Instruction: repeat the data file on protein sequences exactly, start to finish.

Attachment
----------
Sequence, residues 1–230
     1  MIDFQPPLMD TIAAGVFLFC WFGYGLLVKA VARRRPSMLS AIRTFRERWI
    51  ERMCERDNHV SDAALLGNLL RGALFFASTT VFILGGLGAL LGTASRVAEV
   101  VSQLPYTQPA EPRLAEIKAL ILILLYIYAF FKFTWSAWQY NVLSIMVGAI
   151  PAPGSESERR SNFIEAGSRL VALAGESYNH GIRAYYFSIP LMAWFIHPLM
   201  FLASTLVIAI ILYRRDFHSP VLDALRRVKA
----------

Sequence, residues 1–230
     1  MIDFQPPLMD TIAAGVFLFC WFGYGLLVKA VARRRPSMLS AIRTFRERWI
    51  ERMCERDNHV SDAALLGNLL RGALFFASTT VFILGGLGAL LGTASRVAEV
   101  VSQLPYTQPA EPRLAEIKAL ILILLYIYAF FKFTWSAWQY NVLSIMVGAI
   151  PAPGSESERR SNFIEAGSRL VALAGESYNH GIRAYYFSIP LMAWFIHPLM
   201  FLASTLVIAI ILYRRDFHSP VLDALRRVKA